orderto maintain phone that the us is applied in order to maintain contact and they discussed — order to maintain contact and they discussed the military equipment the us is sending to ukraine and also the sanctions against russia with joe biden— the sanctions against russia with joe biden promising volodymyr zelensky that the world would hold russia _ zelensky that the world would hold russia accountable. later tonight, president — russia accountable. later tonight, president biden will address the nation _ president biden will address the nation in — president biden will address the nation in his first stage of the union — nation in his first stage of the union speech and that will be dominated and caused by the events in ukraine _ dominated and caused by the events in ukraine. he will talk about his role in _ in ukraine. he will talk about his role in coordinating the international response against russia, — international response against russia, saying there is power in unity— russia, saying there is power in unity and — russia, saying there is power in unity and that nato and the west have never been so united. we don't expect— have never been so united. we don't expect him _ have never been so united. we don't expect him to announce any new sanctions — expect him to announce any new sanctions and any other moves against — sanctions and any other moves against russia because the president is still— against russia because the president is still resolute that us troops will not — is still resolute that us troops will not go into ukraine to try and defend _ will not go into ukraine to try and defend the country and nor will us aircraft _ defend the country and nor will us aircraft be — defend the country and nor will us aircraft be used to enforce a no—fly zone _ aircraft be used to enforce a no—fly zone over — aircraft be used to enforce a no—fly zone over ukraine. the president will be _ zone over ukraine. the president will be speaking to a country tonight— will be speaking to a country tonight where very many people are really— tonight where very many people are really deeply concerned about what they are _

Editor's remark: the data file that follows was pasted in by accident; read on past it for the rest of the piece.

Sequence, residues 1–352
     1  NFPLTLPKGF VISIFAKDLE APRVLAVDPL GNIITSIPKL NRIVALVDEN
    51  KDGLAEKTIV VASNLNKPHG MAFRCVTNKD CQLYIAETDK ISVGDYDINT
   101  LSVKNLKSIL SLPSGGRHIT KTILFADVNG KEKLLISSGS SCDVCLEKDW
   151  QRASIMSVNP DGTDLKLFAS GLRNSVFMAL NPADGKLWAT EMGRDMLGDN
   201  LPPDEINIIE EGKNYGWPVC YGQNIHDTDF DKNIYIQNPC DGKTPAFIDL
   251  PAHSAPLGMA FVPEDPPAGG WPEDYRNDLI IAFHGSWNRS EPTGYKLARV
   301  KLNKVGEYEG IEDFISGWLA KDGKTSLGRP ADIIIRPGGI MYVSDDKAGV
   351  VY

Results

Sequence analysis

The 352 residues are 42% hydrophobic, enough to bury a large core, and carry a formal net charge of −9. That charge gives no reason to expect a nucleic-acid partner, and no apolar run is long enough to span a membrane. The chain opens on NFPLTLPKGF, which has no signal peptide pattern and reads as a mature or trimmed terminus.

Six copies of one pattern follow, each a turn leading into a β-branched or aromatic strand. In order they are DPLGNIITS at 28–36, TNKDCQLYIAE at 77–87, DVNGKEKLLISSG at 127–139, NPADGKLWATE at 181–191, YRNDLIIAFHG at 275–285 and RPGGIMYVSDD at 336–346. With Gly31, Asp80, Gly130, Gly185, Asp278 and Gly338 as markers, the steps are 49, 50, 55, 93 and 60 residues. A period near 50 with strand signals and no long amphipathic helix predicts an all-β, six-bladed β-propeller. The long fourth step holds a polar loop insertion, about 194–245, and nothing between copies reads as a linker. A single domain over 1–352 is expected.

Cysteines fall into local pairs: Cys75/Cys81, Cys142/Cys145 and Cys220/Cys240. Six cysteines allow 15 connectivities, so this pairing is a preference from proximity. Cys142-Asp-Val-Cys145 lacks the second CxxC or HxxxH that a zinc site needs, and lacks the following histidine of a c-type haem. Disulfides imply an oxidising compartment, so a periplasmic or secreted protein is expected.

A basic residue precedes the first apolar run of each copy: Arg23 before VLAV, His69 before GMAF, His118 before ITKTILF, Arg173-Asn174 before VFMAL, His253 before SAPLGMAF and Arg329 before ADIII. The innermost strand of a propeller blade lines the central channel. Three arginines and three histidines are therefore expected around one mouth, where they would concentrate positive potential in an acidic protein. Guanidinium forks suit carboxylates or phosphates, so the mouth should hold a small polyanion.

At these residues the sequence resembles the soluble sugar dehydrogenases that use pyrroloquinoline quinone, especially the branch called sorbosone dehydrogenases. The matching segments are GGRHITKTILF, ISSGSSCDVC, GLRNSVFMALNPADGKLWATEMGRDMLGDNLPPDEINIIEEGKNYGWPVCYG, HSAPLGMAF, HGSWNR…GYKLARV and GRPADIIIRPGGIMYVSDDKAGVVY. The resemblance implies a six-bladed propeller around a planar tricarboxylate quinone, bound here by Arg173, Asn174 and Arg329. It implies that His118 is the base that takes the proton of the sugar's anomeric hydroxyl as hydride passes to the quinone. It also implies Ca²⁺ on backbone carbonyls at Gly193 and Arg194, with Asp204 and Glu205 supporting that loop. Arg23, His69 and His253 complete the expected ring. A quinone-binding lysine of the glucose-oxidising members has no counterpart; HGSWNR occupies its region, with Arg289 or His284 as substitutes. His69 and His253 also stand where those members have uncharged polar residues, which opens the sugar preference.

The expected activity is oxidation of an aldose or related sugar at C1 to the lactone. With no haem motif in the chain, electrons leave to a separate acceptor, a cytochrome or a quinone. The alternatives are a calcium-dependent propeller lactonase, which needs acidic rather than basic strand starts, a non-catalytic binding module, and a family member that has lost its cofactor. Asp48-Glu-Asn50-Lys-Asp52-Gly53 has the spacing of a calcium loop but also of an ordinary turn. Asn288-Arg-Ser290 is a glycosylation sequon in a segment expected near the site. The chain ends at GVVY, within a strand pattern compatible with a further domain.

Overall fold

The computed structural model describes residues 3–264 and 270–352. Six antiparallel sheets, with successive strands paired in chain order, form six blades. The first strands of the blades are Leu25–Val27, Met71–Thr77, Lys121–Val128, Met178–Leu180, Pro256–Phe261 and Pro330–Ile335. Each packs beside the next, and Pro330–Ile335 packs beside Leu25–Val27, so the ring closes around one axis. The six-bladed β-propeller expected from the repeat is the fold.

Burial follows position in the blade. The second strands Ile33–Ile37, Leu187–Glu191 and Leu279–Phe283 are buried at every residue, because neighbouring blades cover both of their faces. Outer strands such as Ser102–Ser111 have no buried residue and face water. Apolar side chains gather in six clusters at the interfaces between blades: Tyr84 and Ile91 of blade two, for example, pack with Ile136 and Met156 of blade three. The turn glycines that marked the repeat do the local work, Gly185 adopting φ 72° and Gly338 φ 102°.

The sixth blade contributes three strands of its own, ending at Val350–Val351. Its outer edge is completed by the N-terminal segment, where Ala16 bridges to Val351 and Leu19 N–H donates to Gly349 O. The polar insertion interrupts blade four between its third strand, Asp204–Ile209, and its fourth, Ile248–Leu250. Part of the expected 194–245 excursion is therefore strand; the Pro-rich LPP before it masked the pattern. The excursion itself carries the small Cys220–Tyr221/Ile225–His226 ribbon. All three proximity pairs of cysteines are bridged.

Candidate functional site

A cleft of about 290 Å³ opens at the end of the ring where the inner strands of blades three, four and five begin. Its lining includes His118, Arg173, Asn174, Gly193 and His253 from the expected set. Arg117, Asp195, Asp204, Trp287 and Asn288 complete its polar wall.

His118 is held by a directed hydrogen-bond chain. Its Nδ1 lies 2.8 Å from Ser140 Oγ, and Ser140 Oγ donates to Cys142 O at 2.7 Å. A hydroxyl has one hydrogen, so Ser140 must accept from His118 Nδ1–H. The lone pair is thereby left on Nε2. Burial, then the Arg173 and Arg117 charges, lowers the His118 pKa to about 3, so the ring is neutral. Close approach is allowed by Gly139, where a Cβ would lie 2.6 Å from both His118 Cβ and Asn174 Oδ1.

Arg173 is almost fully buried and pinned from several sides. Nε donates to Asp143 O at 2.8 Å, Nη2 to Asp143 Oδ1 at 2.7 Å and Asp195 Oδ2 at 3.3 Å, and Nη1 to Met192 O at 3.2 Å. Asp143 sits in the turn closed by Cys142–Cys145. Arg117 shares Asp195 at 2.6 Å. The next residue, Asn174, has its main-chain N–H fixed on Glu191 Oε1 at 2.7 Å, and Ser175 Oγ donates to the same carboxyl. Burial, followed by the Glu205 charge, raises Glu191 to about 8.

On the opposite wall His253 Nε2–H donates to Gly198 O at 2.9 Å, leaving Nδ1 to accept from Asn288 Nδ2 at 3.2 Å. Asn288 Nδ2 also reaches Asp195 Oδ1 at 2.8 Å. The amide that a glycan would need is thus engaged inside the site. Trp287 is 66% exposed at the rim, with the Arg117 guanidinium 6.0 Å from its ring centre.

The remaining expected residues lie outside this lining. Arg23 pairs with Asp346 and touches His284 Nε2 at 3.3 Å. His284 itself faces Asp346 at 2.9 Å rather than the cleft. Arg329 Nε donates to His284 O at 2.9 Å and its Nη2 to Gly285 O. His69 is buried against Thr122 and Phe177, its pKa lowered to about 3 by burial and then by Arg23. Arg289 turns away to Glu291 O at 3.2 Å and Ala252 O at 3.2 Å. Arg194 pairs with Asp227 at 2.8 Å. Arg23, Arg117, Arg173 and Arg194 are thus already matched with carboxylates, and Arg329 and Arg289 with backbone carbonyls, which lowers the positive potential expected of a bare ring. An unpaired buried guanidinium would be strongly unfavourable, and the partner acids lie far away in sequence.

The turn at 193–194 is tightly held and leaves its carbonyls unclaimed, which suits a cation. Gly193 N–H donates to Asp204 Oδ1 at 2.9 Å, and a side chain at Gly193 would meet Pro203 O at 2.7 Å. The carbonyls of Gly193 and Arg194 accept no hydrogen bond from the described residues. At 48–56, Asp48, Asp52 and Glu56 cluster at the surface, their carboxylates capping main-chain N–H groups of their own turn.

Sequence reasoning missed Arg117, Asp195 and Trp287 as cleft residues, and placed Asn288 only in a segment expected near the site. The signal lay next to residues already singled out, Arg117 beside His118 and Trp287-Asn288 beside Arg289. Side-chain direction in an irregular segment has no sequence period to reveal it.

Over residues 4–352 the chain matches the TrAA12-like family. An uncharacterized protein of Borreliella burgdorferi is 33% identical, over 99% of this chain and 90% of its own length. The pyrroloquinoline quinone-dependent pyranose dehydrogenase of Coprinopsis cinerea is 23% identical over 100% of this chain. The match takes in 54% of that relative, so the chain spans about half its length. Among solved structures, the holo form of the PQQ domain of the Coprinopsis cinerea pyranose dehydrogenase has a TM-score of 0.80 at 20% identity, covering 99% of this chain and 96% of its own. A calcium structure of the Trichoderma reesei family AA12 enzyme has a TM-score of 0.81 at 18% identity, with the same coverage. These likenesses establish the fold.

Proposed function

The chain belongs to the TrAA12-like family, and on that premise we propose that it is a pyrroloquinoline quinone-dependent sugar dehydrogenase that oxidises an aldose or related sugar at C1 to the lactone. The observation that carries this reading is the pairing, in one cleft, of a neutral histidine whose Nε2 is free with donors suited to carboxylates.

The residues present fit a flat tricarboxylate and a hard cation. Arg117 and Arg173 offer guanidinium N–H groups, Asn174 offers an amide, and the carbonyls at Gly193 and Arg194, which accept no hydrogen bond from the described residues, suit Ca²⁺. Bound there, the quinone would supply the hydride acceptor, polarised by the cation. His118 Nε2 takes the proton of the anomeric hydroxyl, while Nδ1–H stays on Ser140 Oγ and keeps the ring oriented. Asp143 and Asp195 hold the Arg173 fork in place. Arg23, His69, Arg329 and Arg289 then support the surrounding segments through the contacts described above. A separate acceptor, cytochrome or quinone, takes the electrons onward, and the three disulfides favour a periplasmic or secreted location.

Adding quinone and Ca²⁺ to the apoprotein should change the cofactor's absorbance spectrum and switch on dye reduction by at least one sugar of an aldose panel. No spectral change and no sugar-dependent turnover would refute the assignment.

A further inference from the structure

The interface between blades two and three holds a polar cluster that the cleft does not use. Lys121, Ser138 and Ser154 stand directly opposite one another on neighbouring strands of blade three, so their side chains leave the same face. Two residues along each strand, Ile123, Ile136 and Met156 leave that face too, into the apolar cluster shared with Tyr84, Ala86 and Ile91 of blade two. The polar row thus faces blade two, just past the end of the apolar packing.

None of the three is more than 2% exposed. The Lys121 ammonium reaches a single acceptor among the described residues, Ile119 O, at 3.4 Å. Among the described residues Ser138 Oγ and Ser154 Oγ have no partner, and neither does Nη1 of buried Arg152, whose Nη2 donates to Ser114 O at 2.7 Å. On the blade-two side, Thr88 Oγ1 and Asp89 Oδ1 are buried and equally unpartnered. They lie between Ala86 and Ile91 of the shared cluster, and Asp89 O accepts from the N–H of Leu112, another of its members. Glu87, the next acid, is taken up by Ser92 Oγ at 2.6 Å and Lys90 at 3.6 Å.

really deeply concerned about what they are seeing happen in ukraine and polls— they are seeing happen in ukraine and polls suggest that the vast majority — and polls suggest that the vast majority of americans would like to see their— majority of americans would like to see their president doing more. sarah smith in washington and damian grammaticas in berlin, thanks forjoining us. the uk government, following widespread criticism, now says it will let more ukrainians join family members here than originally suggested. the prime minister said the move would allow a "very considerable number" of refugees from the conflict to come to the uk. the government has faced criticism from some of its own conservative mps, as well as opposition parties, as our home editor, mark easton, reports. she's become the face of britain's response to the ukrainian refugee crisis. " leave to enter outside of the rules." after being turned back by border force officials at gard du nord in paris at the weekend, 69—year—old widow valentyna today finally received her visa